Long-term safety

The NHMRC wants smokers to wait decades before switching to vaping. However, it is beyond reasonable doubt that vaping nicotine is far safer than smoking. The UK Royal College of Physicians and Public Health England estimate that it is at least 95% safer. Vapers are exposed to far fewer toxic chemicals after switching from smoking, have reduced toxins in their bodies (biomarkers) and have dramatic health improvements.

The impact of this flawed report

The NHMRC recommendations are irresponsible and deny the growing science that supports vaping. Unfortunately they will be referenced by anti-vaping groups and will guide Australian policy.

More smokers will be deterred from switching, some vapers may relapse to smoking and the cigarette trade will prosper. More people will die unnecessarily from smoking.


ABC News Radio | Interview with Colin Mendelsohn

Thu, 6/23 4:41PM • 8:34


Glen Bartholomew: Australia's peak body for medical research says e-cigarettes are not a proven safe and effective way to quit smoking, and the growing use could actually lead to an increase in smoking rates. The National Health and Medical Research Council today released new data on the health impacts of vaping. Associate Professor Becky Freeman from the University of Sydney was a member of the expert committee that reviewed the evidence for the statement, and she told News Radio the council's message is clear.

Becky Freeman: The key takeaway message that people need to focus on today is that e-cigarettes are not a safe product, that there is very limited evidence that they are helpful in helping people to quit, and that young people who use e-cigarettes are more likely to go on to smoke. If you use nicotine containing e-cigarettes, you're likely to have throat irritation headaches, a cough, we don't know a lot about is the long term health effects because I think a lot of people are really familiar with how deadly smoking is. We've been studying smoking for 50/60 years. And we have really solid data around cancer cardiovascular disease. And we don't have long term high quality human studies for that for e-cigarettes. But we do know that users are exposed to hundreds of different chemicals and toxins that have the potential to cause adverse health effects if they use vaping products and e-cigarettes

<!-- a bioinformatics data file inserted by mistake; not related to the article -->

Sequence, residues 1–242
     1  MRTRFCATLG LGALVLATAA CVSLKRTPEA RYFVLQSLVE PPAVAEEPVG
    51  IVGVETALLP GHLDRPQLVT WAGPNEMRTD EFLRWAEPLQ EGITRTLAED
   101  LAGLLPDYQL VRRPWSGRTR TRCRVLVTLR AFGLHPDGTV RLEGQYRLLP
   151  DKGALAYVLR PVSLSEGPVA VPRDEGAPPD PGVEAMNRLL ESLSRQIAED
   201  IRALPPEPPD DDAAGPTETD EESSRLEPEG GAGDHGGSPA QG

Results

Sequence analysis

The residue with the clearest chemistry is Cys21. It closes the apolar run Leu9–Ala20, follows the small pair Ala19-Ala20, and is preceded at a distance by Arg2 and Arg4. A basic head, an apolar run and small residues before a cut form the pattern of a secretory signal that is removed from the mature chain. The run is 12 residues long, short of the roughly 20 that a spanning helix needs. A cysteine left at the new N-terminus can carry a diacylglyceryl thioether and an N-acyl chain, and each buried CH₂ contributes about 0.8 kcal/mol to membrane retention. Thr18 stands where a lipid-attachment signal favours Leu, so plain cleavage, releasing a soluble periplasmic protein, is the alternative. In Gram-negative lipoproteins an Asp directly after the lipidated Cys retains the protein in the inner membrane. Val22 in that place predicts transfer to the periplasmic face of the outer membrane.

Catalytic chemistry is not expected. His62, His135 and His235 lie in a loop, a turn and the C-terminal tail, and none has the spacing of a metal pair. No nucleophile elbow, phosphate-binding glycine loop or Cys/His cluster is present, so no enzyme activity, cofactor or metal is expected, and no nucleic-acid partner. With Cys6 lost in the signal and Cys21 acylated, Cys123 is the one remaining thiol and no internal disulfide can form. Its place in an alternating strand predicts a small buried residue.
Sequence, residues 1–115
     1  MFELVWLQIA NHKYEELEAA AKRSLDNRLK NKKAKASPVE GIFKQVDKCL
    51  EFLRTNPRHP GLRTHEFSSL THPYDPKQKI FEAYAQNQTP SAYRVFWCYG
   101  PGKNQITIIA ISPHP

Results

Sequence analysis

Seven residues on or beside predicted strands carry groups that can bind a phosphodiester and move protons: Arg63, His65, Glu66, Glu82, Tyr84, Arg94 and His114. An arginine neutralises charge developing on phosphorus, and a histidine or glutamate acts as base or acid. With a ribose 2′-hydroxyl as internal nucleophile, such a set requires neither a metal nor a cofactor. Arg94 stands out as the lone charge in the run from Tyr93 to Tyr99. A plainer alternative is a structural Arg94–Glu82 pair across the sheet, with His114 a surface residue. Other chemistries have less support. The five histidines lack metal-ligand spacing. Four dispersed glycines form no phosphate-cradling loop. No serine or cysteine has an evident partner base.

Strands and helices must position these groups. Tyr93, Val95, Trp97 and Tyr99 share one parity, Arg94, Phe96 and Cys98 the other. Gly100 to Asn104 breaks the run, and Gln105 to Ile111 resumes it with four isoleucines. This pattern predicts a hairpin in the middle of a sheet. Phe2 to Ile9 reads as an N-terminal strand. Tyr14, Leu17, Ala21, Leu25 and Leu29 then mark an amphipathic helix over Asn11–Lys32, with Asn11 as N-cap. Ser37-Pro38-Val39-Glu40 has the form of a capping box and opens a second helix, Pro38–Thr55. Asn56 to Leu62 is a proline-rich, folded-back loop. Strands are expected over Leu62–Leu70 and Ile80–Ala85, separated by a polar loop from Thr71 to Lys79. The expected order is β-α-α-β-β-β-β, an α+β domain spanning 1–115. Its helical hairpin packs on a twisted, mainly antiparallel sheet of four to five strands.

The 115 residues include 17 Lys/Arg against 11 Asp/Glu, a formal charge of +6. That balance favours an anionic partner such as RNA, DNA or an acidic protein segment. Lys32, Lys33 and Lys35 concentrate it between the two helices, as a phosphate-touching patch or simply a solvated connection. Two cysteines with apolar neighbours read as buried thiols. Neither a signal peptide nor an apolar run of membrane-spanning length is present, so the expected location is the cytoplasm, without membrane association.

Glen Bartholomew: Associate Professor Becky Freeman from the University of Sydney. Well, Dr. Colin Mendelsohn has worked in tobacco treatment for over 35 years and sits on the Royal Australian College of GPs expert committee that develops Australia's national smoking cessation guidelines. Colin Mendelsohn, good afternoon.

Colin Mendelsohn: Good afternoon, Glen.

Glen Bartholomew: This advice states very clearly that the vapor from e-cigarette devices can be harmful and that there is limited advice that e-cigarettes are effective at helping smokers quit. Do you agree?

Colin Mendelsohn: Well, that is the position that the NHMRC is taking for some time. And this is the position of the Australian Government, although it's very much at odds with many other organisations, including the New Zealand's Ministry of Health and the UK Government, the Royal College of Physicians and many others. So yes, I have many concerns about some of the conclusions they’ve made.

Glen Bartholomew: How so?